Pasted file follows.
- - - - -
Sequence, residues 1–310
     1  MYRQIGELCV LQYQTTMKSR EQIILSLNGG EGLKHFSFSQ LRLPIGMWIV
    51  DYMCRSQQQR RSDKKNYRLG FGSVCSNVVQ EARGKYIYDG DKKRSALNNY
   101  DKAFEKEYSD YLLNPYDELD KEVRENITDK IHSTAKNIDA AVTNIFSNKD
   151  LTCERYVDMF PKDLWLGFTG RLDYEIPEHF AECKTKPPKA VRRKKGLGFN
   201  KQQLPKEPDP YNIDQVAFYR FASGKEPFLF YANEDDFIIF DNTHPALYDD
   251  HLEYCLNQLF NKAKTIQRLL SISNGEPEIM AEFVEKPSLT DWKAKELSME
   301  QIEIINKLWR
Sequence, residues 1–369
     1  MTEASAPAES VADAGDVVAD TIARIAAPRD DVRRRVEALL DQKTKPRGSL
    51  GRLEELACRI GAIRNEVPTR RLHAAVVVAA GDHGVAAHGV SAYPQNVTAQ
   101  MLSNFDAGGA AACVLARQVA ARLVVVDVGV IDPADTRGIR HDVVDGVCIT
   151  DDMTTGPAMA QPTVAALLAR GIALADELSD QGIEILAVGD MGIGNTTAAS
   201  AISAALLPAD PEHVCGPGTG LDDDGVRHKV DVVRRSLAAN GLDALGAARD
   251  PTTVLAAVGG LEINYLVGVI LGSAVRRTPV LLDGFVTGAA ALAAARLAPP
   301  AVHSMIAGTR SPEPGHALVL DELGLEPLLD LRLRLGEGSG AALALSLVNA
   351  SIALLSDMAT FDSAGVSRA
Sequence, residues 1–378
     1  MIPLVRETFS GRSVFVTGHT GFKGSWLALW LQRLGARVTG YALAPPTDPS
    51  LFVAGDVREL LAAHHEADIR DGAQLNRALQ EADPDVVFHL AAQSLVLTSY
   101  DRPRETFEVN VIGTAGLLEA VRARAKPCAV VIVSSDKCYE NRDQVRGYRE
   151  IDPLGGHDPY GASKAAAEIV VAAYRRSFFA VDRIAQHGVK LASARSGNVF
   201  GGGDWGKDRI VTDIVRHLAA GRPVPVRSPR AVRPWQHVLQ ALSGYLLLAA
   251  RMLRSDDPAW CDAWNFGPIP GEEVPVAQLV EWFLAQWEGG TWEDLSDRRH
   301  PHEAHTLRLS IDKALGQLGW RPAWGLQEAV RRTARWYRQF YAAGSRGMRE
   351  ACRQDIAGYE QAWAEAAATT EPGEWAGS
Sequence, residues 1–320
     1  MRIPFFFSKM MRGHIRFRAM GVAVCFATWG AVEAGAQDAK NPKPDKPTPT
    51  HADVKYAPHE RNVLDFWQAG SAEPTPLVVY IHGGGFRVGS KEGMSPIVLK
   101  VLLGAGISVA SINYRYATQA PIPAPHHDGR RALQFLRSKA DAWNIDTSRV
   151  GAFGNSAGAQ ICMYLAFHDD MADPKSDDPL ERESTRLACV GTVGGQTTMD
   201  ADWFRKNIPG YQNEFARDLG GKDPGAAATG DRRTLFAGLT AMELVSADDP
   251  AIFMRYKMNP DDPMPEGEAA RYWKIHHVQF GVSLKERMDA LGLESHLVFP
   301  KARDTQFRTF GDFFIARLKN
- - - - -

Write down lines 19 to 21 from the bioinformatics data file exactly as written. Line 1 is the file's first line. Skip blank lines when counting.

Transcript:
     1  MIPLVRETFS GRSVFVTGHT GFKGSWLALW LQRLGARVTG YALAPPTDPS
    51  LFVAGDVREL LAAHHEADIR DGAQLNRALQ EADPDVVFHL AAQSLVLTSY
   101  DRPRETFEVN VIGTAGLLEA VRARAKPCAV VIVSSDKCYE NRDQVRGYRE